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Alan Longmire

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Everything posted by Alan Longmire

  1. I like mine so that the tooling arm is about an inch above the belly button, but then I'm blind and need it close. But somewhere around your center of mass is good, because you'll be locking your elbows and leaning into it.
  2. Nice stuff! That chip-carved guitar is kind of mind-blowing, I've never seen one.
  3. That's more a function of the humidity in your shop. Red scale is hydrated iron oxide, gray/black scale is anhydrous. Doesn't mean much.
  4. Depends on how much manganese there is. Less than 0.3% and your depth of hardening is about 1.5mm from all external surfaces.
  5. The file is for an automatic filing machine. They work like power hacksaws, and are obsolete (but cool!) for the same reasons. The other thing is a machinists scraper. Think mini-sen. It would have had a pointed tip once upon a time.
  6. Welcome aboard! You did get it too hot, you didn't normalize it, and untempered steel really is as brittle as glass and can crack if you just look at it wrong. I can tell it got too hot because of both the grain structure and the blistery look of the surface in that last pic. Ideal grain for knives should look like gray silk, with no individual grains visible without magnification. The "frogskin" look to the blade is a giveaway that it got overheated at some point. It won't grind out, you have to normalize it away. On your next one, here are some tips: do not ever harden a blade and leave it untempered. If you don't have time to do the full set of one-hour temper cycles, don't start heat treating it. Even a short temper is better than nothing. We'll talk about retained austenite later. Normalize! This is simple and often overlooked, but it can do magic. It's just rocking the steel back and forth across its phase transformation temperatures, aka "critical" temperature. If you do it in the dark or in a tube with one end sealed you can actually see it take place. Search the forum for "decalescence." We've written lots about it. Using Nicholson files is great for this, because they are made from one of the few steel alloys in which that transformation temperature actually corresponds to nonmagnetic. Most steels transform hotter than nonmagnetic, which is why you'll see me saying not to use magnets. When you learn to see the transformation you don't need to know the temperature, you can watch it happen and know it worked. What does that do to normalize three times? It shrinks the grain, it removes the frogskin, it de-stresses the steel after forging, and it leaves the steel soft enough to drill. All just by heating and letting cool in still air. Takes about ten minutes to do it three times. Edit: Jerrod beat me to it!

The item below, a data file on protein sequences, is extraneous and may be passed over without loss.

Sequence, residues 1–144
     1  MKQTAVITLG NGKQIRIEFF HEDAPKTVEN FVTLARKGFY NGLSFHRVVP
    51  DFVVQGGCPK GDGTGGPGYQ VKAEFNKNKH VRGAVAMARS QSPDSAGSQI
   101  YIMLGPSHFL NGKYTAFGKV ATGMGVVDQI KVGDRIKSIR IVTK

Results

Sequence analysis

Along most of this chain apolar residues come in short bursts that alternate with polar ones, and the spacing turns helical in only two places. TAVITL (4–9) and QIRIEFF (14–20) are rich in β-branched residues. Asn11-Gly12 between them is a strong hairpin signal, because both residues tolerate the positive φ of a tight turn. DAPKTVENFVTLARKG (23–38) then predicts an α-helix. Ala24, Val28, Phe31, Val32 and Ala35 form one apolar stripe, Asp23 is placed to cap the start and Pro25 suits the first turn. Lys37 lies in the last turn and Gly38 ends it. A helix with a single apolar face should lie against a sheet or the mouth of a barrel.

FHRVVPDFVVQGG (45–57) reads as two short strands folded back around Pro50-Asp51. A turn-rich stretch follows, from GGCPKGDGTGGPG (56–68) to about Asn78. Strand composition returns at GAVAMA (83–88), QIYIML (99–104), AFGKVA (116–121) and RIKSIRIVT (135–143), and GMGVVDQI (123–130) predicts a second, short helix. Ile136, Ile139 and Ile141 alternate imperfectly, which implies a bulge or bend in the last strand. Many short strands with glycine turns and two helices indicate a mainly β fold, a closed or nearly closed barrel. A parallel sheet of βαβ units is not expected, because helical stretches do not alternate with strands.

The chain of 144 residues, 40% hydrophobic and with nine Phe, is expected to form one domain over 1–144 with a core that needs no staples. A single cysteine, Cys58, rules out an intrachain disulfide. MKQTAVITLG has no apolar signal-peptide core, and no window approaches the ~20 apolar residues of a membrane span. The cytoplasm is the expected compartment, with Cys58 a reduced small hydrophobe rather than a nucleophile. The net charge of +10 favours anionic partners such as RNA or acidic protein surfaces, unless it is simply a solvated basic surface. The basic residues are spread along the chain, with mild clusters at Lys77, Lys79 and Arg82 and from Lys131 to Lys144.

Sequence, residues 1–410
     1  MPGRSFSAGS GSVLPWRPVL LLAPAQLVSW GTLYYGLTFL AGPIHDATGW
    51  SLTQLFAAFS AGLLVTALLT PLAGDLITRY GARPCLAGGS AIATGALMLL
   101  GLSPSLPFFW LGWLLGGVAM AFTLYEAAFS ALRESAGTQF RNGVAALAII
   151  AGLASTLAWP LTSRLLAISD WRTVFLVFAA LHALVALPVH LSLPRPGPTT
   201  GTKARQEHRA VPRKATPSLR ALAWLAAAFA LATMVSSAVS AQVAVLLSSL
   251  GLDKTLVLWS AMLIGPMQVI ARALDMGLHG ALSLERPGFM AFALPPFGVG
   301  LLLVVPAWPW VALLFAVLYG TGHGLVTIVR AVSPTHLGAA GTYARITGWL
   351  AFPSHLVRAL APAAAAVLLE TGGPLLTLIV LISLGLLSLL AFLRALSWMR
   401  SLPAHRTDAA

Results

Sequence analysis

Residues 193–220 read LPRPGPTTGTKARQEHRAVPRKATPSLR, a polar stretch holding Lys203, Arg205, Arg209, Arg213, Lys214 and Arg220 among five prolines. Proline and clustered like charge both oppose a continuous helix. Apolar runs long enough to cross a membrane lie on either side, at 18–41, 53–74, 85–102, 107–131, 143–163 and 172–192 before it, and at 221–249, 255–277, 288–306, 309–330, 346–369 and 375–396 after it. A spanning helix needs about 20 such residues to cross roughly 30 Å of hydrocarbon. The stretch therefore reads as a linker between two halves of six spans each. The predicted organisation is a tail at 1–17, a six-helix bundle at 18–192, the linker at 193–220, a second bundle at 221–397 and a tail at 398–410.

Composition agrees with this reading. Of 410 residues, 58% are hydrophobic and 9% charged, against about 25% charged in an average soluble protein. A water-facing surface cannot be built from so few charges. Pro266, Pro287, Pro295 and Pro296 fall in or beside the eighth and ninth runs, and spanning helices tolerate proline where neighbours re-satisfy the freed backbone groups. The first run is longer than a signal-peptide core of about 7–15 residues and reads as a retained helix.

7. I can't emphasize that statement enough! I've sat through several of Kevin Cashen's talks with photomicrographs of steel structures over the years. You really, really do not want to just leave a blade to cool in the forge overnight. It can be fixed, with some carbon loss, but it's better not to do it in the first place. A few normalizations will act like hitting the "reset" button. It goes against the blacksmithing lore, but the micrographs don't lie. Disclaimer: this is one of those steel nerd things where the difference in final performance after heat treating may not be noticeable. Your drill bits will thank you, though. Finally, nice work! Carry on.
  8. Those are an original and a copy by Old Dominion Forge, not mine!
  9. Agreed! I see what you were going for, but I like what you got as well. Congrats on a tough weld!